Archive for the ‘ Music, Literature, and Film ’ Category


I am interested in seeing this movie.ย  And even more so now that it is nominated for 5 golden globes!


The Day the Earth Stood Still


Last night Ben and I went and saw the remake of The Day the Earth Stood Still.  I have never seen the original, so I didn't know what to expect, but it had Keanu Reeves in it (as an alien, which requires no emotion, so we figured he might actually do well) and it was about aliens, so we had to see it.

I ended up liking it a *lot* more than I expected to.  I just read a brief synopsis of the 1951 version of the movie, and from what I can tell, this is a similar creation, but in a modern and perhaps more profound language.

Plot Summary
The US government becomes aware that there is a large space object heading directly for earth and so gathers together the best scientists to try to help avert the situation.  Helen (Jennifer Connely) is an astrobiologist.  She studies microbiology, theorizing about other planets. Anyway, as they all brace for impact they notice that nothing happens.  No great tragedy.  Instead, a bright light slowly decends over New York City, and eventually a globe of swirling light lands in Central Park.

Helen is at the scene, and when the alien walks out of the "ship" she walks towards him.  Just as they are about to reach out and shake hands, one of the many military soldiers there shoots the alien.  His alarm system, a giant robot that shuts down all electricity in the area, comes to his defense, ready to destroy the military, until the alien whispers something that makes him shut down.

The government is first and foremost concerned with finding out if there is going to be an attack on planet earth, and the fear guides them.  It's clear that almost everyone in this film is guided by fear and the need for security.  It turns out that the alien, Klaatu, has come representing a leauge of alien civilizations coming to assess the threat of humans to the planet earth, and if necessary, to exterminate them.

One of my favorite scenes is when Klaatu comes to a McDonalds, where he meets with an old Asian man who happens to be an alien who has lived on the planet for 70 years.  He says that without question humans are a destructive race, and should be dealth with.  But then he refuses to leave the planet.  As destructive as we are, there is something about us.  Life for a human is hard, he says, but there is another side.  He can't explain it, but somehow, he loves them, and cannot leave.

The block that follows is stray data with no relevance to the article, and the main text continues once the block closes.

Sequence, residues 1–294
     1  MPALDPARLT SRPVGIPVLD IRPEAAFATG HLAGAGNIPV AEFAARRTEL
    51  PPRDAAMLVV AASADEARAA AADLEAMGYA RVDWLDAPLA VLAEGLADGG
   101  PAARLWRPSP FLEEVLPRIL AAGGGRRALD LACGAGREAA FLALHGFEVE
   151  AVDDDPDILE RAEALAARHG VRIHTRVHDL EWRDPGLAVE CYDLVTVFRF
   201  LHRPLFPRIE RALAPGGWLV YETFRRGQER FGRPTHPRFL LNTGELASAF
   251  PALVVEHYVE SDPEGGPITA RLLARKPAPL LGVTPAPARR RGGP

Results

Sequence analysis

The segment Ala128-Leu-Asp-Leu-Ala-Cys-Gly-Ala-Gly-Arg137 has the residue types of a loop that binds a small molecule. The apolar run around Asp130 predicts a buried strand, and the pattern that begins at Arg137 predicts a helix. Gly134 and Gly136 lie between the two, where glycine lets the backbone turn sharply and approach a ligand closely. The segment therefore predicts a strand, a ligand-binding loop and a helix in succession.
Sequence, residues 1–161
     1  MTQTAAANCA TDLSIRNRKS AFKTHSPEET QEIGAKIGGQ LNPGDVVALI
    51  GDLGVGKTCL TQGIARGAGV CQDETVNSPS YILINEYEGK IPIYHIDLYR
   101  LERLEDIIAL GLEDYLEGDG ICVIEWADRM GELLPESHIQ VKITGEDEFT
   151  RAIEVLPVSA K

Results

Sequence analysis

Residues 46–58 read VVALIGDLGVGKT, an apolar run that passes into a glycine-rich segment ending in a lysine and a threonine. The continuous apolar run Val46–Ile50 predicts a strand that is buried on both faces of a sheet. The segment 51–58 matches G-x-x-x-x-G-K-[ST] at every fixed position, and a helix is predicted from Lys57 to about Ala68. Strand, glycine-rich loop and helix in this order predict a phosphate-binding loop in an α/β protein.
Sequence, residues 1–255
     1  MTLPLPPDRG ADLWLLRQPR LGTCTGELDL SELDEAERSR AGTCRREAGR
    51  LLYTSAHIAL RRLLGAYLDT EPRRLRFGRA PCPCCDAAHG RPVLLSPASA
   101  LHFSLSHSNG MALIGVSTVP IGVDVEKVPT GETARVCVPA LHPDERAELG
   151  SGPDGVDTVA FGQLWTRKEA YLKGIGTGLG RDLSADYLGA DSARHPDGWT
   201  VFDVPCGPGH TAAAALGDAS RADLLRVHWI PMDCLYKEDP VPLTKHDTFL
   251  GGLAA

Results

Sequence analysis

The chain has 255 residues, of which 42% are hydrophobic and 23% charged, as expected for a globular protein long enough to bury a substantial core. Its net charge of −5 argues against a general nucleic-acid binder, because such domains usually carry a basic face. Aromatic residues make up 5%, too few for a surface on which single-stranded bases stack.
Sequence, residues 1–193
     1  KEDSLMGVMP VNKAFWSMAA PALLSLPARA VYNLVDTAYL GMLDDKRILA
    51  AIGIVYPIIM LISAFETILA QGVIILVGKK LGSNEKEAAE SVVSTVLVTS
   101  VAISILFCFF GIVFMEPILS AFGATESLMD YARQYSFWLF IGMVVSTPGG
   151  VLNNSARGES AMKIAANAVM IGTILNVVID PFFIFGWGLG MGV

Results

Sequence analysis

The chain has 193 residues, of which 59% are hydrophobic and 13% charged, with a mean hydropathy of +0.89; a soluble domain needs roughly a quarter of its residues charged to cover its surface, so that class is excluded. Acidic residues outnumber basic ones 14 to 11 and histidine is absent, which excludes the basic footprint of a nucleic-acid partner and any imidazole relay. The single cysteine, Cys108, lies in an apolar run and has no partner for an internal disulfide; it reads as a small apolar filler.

Another part that I really love is when Helen takes Klaatu to a nobel prize winning mathematician's house (played by John Cleese), and Cleese's character asks Klaatu what the turning point for his race was.  Klaatu responds that their star was dying, and they had to evolve.  Cleese used this to make a point.  Yes, we are a destructive race, but it is always at the precipice, the moment of devastation when all seems to be lost…that is when we change.  Please, don't take this moment away from us, it is our moment, the moment of truth for our race.

And yet while seeing and hearing these things, those in power continue their actions out of fear, hunting the alien down, trying to destroy the robot that came with him.  And every time they do this, things get worse.

My Thoughts
And afterwards I was thinking about how incredible life is, because if you take these things together, every action we make out of fear and the need to protect ourselves makes things worse, but at the same time, when do we change? When things reach the brink of despair.

And so it's almost like salvation is built into the system, even in the darkest of times.  If you can relax and trust and love, that's great.  But even if you threaten or don't take time to understand and you act out of your reactionary mind…eventually you yourself, by your own actions, will make things so bad that it finally gets through to you.

At the end of the movie, Klaatu gives his life to save the human race, convinced that the good in us is worth saving.  And so he stops the device that had already wiped out much of our infrastructure and many of our people, but it comes at a price.  The destruction stops, but we are left with no electricity, no power.

And the reaction is brilliant.  The people stop.  Stop moving, stop struggling.  A moment of pure calm decends on everyone.  They open their eyes and just look at everything.  People in offices open the blinds and let the sun in.  To me it looked like they had opened their eyes for the first time.  It's a profoundly beautiful moment.